Becoming a Better Singer

Ugh, I went to an organ recital recently and the organist, though technically proficient, was devoid of energy, interpretation, originality or excitement. No wonder today’s youth are not taking up the organ as an instrument because they have to listen to people like that in their churches every Sunday. What a turn off. In many of our churches on Sunday, the organ is like a sports car, backed out of the garage for one hour each week and only to the end of the driveway then back into the garage.

When I work with singers either in the church, workshop or theater venue, I often share one of several simple videos with them. We first watch the video with the sound off. Then we watch it a second time but this time I tell a story based upon the facial expressions and movement of the singer. Then the singers each take a turn doing the same. I then tell them the story of the song and we watch it one final time with the sound still off. Finally, we watch it with the sound on. Listeners often hear the notes and not the words because singers, like organists, put more effort into the notes rather than communicating.

This exercise not only makes the singers aware of their expressions, movement and inflection, but it also makes them cognizant of the importance of words and story telling. All too often singers are mired down with technique, notes and style rather than simple communication. This applies not only to theater performers but church musicians often fall down into that hole, too. I’m not saying they need to employ theatrics into their delivery of the Psalms and holy scripture, just become better communicators of it through basic facial expression, making eye contact and most importantly – BEING PREPARED. If you have to look at the page more than 20% of the time, you’re not prepared to interpret.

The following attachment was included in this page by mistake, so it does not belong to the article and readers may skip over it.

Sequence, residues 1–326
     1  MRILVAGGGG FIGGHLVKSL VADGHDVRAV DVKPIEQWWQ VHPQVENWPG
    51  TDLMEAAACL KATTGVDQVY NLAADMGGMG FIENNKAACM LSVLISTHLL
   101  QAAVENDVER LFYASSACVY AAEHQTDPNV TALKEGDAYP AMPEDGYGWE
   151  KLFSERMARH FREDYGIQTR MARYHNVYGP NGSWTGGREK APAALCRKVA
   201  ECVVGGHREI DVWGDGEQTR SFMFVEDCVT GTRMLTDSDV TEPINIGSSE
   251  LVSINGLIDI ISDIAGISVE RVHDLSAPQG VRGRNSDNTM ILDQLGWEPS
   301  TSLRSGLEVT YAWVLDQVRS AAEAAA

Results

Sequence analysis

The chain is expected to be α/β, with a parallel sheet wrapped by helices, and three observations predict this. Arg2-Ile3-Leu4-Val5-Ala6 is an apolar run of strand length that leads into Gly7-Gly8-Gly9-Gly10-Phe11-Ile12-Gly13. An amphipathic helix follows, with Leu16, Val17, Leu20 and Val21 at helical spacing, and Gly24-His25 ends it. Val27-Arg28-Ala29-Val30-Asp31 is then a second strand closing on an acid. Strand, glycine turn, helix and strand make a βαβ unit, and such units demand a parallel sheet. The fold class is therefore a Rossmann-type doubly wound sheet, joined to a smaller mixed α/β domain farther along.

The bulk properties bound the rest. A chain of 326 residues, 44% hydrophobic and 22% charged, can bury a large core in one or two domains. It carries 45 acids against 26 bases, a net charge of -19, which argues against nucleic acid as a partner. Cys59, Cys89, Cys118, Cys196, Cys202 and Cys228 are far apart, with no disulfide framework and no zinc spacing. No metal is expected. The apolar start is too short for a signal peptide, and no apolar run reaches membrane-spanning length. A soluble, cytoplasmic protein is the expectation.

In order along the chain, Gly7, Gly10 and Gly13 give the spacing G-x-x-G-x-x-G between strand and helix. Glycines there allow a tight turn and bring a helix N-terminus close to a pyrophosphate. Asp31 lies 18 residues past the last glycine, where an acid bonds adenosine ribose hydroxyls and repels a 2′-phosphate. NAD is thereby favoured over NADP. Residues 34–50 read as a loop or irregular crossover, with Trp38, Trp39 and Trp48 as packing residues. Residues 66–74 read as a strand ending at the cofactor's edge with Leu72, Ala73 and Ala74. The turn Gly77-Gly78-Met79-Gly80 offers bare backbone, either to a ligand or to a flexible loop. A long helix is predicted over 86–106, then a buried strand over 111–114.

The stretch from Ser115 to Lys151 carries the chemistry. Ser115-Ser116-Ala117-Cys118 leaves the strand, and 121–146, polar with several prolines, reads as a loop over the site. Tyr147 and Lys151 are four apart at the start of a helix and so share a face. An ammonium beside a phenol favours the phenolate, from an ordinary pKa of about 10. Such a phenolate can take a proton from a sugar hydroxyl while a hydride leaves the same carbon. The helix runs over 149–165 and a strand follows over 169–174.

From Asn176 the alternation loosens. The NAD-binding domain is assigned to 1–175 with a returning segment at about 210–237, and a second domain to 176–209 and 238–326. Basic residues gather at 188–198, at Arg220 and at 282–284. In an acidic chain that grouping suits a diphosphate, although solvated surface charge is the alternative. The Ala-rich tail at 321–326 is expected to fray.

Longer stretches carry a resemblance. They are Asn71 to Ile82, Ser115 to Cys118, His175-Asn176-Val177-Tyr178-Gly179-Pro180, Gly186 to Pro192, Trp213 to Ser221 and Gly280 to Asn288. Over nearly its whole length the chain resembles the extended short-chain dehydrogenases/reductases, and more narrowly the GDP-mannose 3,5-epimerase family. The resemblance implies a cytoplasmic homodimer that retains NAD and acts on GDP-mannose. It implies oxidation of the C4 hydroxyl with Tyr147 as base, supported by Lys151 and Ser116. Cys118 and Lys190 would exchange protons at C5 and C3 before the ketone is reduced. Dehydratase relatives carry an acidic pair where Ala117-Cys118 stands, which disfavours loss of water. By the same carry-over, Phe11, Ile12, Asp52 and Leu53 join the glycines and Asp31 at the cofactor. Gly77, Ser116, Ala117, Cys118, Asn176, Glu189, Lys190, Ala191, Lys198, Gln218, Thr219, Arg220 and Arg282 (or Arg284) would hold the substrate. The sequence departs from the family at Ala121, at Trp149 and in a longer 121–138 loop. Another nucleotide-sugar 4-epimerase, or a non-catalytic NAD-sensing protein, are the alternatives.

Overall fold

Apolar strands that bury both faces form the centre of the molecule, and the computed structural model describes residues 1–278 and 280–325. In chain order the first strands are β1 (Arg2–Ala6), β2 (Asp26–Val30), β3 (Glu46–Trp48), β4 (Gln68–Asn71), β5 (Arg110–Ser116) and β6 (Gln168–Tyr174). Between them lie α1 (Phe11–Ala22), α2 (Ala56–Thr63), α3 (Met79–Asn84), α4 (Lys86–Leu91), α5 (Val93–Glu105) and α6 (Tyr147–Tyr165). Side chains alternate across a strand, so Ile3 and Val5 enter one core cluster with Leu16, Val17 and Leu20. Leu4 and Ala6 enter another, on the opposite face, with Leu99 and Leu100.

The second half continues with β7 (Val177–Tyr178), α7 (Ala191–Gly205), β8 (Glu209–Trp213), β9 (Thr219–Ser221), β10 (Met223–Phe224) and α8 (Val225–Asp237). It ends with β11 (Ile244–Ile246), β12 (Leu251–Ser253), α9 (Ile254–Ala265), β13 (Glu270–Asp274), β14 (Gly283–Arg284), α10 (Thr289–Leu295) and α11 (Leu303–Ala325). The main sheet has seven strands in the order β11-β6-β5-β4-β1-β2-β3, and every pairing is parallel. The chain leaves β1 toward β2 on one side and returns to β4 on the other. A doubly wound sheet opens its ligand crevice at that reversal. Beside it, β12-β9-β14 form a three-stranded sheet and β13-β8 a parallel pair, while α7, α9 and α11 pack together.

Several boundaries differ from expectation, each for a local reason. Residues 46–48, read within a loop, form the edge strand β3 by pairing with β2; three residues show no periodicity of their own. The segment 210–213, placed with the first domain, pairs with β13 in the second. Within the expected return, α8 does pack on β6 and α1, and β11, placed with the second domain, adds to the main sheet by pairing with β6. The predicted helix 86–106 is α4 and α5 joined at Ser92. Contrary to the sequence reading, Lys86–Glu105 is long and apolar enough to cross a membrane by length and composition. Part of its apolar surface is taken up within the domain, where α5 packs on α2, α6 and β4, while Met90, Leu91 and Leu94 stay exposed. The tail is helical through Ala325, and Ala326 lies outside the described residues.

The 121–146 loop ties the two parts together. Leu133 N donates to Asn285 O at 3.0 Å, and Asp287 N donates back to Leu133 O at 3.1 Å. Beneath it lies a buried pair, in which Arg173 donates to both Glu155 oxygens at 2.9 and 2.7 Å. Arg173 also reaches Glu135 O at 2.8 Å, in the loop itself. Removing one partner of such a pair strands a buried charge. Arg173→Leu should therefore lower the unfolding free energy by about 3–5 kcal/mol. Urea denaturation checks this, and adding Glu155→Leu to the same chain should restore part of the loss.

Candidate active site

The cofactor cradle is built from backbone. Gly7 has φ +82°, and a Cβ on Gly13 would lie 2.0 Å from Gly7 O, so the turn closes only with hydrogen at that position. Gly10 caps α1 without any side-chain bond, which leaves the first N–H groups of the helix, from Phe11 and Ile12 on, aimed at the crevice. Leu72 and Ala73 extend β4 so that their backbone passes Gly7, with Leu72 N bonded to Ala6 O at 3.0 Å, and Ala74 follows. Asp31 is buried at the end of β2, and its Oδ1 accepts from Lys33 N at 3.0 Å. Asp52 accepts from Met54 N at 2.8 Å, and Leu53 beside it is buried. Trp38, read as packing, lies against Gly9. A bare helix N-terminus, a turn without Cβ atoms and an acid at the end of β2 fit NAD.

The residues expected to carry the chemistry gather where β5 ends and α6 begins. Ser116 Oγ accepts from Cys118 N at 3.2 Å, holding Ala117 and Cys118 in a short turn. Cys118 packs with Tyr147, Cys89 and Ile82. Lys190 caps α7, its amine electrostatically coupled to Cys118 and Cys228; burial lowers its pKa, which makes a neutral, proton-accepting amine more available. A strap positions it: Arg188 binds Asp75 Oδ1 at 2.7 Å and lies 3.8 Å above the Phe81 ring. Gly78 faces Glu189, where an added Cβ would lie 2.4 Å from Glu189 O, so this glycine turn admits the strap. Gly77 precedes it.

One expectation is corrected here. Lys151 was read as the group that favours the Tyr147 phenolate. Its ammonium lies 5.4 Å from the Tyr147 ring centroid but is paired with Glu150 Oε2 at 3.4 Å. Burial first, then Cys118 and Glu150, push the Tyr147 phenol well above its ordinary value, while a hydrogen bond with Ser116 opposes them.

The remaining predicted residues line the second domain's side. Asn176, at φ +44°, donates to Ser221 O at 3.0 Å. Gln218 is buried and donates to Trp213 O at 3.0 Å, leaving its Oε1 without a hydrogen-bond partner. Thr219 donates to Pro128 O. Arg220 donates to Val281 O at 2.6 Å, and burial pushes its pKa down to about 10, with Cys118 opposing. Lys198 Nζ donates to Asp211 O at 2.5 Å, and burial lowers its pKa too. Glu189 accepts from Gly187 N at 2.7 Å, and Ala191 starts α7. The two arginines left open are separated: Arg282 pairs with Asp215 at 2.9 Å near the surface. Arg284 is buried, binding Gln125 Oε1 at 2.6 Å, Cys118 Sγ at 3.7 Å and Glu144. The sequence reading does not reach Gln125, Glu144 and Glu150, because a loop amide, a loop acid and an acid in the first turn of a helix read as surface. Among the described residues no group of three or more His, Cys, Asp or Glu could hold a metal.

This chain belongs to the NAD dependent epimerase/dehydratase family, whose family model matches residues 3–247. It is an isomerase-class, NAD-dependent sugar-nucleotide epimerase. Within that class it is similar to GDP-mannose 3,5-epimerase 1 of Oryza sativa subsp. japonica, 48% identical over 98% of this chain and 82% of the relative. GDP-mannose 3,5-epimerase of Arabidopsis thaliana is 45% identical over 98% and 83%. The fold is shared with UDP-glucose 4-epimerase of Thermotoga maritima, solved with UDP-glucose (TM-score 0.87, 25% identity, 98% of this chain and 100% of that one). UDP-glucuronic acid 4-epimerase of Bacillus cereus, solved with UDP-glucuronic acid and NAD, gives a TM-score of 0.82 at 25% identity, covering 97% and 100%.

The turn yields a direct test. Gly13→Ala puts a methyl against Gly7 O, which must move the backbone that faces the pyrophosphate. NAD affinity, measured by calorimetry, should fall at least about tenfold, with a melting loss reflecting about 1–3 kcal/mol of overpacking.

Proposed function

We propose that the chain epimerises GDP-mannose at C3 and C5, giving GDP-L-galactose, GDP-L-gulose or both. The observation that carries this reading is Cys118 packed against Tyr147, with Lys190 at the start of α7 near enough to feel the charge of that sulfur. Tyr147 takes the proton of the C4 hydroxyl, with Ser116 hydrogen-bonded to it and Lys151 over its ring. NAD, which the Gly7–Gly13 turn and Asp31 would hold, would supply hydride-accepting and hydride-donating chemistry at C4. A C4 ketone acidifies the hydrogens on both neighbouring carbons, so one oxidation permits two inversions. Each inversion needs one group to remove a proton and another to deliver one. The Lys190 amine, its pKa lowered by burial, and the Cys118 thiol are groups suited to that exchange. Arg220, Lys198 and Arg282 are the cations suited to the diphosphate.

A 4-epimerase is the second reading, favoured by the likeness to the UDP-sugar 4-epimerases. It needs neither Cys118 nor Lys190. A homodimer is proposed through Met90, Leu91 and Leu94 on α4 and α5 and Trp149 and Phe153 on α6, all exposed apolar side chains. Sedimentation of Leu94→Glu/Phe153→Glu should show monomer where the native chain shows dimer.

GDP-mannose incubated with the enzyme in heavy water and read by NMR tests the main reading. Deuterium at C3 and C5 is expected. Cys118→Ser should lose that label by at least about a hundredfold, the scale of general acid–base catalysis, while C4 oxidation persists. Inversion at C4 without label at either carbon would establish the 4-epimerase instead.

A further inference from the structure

I’ll say no more on the topic. You can use any video you like but one of my favorites to start with is Betty Buckley’s interpretation of the song “Meadowlark.” The first video with commentary but, without sound can be found here:

Here is the original video with sound:

So, all you singers, story tellers, poets and organists, “SING . . . ” for me.


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